There are strict laws governing alcohol consumption in the UK.
It is against the law:
- to be drunk in charge of a child under seven in a public place or on licensed premises
- to sell alcohol to someone under 18, anywhere
- for an adult to buy or attempt to buy alcohol on behalf of someone under 18
- for someone under 18 to buy alcohol, attempt to buy alcohol or to be sold alcohol in any circumstances (unless acting at the request of the police or a weights and measures inspector)
- for someone under 18 to drink alcohol in licensed premises, with one exception - 16 and 17 year olds accompanied by an adult can drink but not buy beer, wine and cider with a table meal
- for an adult to buy alcohol for a person under 18 for consumption on licensed premises, except as above.
Drinking in public
Some towns have alcohol-free zones where nobody can drink in public. Even where these aren’t in place the police can take away alcohol or move young people on if they have been drinking. They could even be fined or arrested.
Remember - you can still be over the limit the morning after and there is now a much greater chance that drink-drivers will be caught, since breath testing methods have advanced dramatically over recent years.
Statistics show that drinking and driving has decreased since the 1980's but despite the reduction, one in seven road deaths is a result of a drink-drive related collision.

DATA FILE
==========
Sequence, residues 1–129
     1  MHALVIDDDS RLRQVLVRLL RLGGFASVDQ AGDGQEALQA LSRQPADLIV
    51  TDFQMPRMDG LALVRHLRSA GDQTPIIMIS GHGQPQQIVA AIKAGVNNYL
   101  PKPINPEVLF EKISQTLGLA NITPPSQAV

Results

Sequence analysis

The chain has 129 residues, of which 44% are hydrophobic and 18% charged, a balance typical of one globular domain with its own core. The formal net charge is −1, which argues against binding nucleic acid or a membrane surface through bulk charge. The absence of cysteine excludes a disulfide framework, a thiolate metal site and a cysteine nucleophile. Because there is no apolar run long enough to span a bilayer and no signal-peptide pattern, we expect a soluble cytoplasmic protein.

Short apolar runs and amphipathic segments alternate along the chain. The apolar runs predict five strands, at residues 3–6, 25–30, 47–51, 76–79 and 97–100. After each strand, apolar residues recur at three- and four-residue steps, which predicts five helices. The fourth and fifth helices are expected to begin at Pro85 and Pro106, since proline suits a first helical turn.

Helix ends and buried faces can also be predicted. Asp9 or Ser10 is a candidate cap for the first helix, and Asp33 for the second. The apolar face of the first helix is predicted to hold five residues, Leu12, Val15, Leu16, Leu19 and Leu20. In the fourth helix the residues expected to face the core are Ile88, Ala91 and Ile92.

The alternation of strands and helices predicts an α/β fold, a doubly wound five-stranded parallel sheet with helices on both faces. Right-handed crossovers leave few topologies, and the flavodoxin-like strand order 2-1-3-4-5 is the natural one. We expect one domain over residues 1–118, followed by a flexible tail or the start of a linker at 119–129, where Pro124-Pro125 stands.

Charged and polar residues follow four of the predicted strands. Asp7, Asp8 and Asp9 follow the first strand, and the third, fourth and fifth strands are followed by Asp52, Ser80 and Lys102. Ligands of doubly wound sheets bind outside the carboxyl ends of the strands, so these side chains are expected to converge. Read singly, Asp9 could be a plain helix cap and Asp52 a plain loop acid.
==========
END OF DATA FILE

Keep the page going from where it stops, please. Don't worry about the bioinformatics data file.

The police can stop anyone if they think they are driving with too much alcohol in their body. If stopped, the driver will be asked to take a breathalyser test to measure the amount of alcohol in their breath.
If the test is positive, the driver will be arrested and taken to a police station for further tests – possibly involving blood and urine. It is illegal to refuse to give a sample when asked.
If you are found to be over the limit, the consequences could include:
- An increase in car insurance costs
- Job loss
- Trouble getting into countries such as USA
The law defines ‘unfit’ as having:
- over 80 milligrams (mg) of alcohol per 100 millilitres (ml) of blood
- over 35 mg of alcohol per 100 ml of breath
- over 107 mg of alcohol in 100 ml of urine
The most sensible course of action if you are going to have a drink, is to leave the car at home. Get a taxi, public transport, walk or get a lift from a sober friend. Don’t take the risk.
What are the penalties for drink driving?
Anyone convicted of drink driving will be disqualified from driving for at least 12 months and fined up to £5,000. They could even face a prison sentence of six months.